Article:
Wednesday, 21 October 2009
I attended the launch of the report on access to finance for SMEs and a round table discussion on the issue, jointly organised by CPA Australia and ACCA in Kuala Lumpur today. The Chief Executive of the newly restructured SME Corp, Dato' Hafsah Hashim was also present.
The report was based on the research conducted by the Economist Intelligence Unit (EIU) on behalf of ACCA, CGA Canada and CPA Australia. Among the findings of the research are:
- SMEs are continuing to grow in spite of the economic downturn
- Access to finance has been squeezed due to rationing of finance mostly by banks
- SMEs have mostly turned to their banks for advice during these difficult times – an interesting finding given the amount of animosity the crisis created between small businesses and banks
- SMEs are cutting cost and improving cost management although small number of them have formal cost cutting plan
- To preserve cash, SMEs are postponing investment, a strategy which could affect their future growth potentials
- Some firms are poised for new growth phase
Issue of difficulties in obtaining financial facilities from banks was raised during the panel discussion. Another issue that was discussed was the alternative financing modes such as through private equite or venture capital to complement the banking system.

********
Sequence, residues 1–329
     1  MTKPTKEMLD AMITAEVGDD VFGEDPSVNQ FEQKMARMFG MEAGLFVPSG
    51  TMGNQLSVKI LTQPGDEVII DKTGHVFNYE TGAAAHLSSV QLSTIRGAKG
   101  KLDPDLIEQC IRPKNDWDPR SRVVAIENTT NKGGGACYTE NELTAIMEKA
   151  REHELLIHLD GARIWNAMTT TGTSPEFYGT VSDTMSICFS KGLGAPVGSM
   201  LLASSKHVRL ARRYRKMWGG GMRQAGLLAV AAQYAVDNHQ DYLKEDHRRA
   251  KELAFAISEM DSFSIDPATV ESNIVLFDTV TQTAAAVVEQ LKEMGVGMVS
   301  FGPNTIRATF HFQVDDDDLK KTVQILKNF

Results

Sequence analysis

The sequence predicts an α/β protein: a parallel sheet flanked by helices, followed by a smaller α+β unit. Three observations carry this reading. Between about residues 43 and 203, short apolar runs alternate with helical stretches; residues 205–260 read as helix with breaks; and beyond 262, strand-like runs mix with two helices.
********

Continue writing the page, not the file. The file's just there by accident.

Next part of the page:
The reports could be downloaded here:
It was indeed an honour to be invited to give a key note address at the Universiti Kebangsaan Malaysia's International Management Accounting Conference held at Cititel Hotel, Kuala Lumpur. I was requested to provide my views on how collaboration between academicians and practising accountants would enhance accounting knowledge.
I approached this issue by elaborating about the network-centric approach which is being applied by many companies. Using the concept of Wikinomics, I shared how companies are now looking for talents and brain power outside of their organisational walls.
Given that academicians have the knowledge based and research capabilities, they are well positioned to participate in a more collaborative environment. Their key challenge would be how to build relationships with industry players so that the academicians would be the first face to be recall whenever people in industry have certain business needs.
At the same time I also highlighted that business issues and challenges come from a multi-dimensional perspective. Therefore, offering a narrow and singular solution would not work well in solving real life problems.
The conference was officiated by the Deputy Minister of Higher Education and also attended by foreign academicians from Australia, United Kingdom and few other countries.
My presentation could be viewed and downloaded at: